I’m not trying to illustrate a storm – which would be adding movement from without. I react to the storm – which is releasing movement from within. The text tells me about the storm, and it sends me to find-out more details in the narrative – what kind of sand-storms happen in that part of the world, what they look and feel like, what people who have encountered such storms said about the experience, etc. If I can physically experience such a storm – all the better. If not, I’ll research until I know with my senses what it is (from within).

Sometimes I do illustrate from without, but I’ll make such a choice only if it is necessary. For me, it’s the same consideration as in using props: does the audience need it? (from without)

Sand Storm in the Gobi 2

28 thoughts on “Storytellers and movement”

  1. Very interesting.

    Movement from within. Yes, yes. I have been thinking about redundant movement lately. Doubling up or trying to embody the actuality of the story can detract from the experience of the story. Movement from within is more subtle and requires greater presence.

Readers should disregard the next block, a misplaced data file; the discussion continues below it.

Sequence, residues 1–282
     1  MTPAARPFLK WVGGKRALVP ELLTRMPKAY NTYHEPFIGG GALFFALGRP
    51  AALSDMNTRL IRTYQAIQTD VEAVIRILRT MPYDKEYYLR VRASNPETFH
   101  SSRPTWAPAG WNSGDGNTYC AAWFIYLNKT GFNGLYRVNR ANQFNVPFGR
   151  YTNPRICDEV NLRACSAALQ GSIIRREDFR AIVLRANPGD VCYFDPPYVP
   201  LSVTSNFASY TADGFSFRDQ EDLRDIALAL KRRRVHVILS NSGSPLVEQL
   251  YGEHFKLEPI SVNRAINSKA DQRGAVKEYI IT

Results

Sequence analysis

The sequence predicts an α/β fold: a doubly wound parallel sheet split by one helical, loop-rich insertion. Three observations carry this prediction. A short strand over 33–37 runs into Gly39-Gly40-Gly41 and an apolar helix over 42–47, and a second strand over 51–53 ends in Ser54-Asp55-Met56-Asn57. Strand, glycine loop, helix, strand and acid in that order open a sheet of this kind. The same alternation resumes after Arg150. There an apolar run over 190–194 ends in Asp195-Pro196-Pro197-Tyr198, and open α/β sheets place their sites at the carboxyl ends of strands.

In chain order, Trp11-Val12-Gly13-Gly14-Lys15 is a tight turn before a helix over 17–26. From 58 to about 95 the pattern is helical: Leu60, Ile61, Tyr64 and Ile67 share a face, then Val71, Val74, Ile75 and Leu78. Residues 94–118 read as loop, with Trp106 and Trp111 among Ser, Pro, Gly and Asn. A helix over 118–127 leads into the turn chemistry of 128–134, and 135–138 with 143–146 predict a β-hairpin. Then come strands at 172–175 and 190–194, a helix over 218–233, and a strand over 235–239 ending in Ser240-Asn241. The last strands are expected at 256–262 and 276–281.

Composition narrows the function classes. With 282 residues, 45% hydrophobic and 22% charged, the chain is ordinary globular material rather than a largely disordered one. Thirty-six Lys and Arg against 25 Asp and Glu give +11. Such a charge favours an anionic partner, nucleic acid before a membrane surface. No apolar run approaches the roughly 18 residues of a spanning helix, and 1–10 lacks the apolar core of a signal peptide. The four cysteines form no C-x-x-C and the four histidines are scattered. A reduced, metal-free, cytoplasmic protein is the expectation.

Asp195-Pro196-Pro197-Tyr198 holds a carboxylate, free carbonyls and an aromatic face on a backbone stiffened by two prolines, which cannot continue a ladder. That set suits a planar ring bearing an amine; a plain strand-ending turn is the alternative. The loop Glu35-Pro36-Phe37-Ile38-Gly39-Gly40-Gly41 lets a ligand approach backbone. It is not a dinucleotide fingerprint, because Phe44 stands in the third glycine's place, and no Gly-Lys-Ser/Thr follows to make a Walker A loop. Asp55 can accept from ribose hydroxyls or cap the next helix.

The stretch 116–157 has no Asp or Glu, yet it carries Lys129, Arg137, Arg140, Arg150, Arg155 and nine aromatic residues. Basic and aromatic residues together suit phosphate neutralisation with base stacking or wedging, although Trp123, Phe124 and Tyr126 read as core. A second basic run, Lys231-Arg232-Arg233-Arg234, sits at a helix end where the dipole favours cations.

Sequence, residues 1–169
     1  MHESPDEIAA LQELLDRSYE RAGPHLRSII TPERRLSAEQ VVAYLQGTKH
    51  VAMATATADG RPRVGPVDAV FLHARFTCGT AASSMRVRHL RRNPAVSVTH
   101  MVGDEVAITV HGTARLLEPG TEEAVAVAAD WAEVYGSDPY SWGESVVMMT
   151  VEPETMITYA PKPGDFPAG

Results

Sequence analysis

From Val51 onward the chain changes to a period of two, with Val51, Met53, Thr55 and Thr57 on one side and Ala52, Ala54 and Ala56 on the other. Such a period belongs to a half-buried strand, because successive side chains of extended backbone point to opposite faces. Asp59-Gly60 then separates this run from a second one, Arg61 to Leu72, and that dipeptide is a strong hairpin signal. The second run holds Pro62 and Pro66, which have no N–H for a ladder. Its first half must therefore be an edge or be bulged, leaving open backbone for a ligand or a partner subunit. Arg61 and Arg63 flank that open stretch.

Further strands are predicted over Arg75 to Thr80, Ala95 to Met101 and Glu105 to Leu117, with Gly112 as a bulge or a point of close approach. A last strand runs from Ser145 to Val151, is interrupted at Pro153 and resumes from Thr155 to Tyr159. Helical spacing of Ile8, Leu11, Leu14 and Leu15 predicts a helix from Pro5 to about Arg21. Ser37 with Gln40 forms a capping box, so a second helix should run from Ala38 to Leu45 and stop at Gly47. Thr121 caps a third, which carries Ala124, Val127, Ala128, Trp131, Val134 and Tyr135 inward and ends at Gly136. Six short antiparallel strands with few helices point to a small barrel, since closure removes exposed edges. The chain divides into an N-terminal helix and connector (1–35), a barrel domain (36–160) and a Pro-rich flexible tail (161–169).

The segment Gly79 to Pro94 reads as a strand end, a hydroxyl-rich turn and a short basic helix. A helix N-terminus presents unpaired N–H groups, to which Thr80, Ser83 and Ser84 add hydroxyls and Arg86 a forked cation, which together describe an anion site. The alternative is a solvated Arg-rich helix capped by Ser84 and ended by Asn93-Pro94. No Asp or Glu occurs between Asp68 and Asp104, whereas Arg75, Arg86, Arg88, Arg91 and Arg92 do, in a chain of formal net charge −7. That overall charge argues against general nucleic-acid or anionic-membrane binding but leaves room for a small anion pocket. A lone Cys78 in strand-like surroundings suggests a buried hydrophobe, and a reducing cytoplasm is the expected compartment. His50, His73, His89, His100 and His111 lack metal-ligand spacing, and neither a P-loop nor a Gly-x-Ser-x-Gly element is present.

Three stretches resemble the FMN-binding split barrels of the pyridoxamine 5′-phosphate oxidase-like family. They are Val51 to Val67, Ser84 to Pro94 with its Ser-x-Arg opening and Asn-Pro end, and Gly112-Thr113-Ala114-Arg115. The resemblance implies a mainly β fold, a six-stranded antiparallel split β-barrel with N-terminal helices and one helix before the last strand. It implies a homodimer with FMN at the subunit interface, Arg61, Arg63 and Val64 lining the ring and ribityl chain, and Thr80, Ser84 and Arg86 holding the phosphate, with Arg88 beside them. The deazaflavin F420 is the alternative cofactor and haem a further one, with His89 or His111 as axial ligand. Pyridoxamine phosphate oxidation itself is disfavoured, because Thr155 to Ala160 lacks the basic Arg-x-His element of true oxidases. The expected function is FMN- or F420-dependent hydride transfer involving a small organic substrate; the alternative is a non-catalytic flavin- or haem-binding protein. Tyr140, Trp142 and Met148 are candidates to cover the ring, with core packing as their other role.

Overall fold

Talking Skull Ensemble (my company) focus on many ideas as part of our ongoing development. But essentially what serves the story? One of our teachers Mikel Murfi passed on some knowledge he learned in his years of training:

    “If you move you must be more interesting than stillness, if you speak you must be more interesting than silence”.

    Worth sitting with.

    Thanks Limor. Keep asking the questions.

    1. “…the actuality of the story can detract from the experience of the story.” This is such a great way to put it Clare, thank you. Stillness and silence – we don’t have the privilege of being there for too long, do we? we’re about the human side of things…

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  6. this is just in time for me, i have been practicing a story of Shiva’s dance of destruction and creation….. and have been feeling that a certain stillness on my part may convey shiva’s Tandav more effectively, than any movement on my part 🙂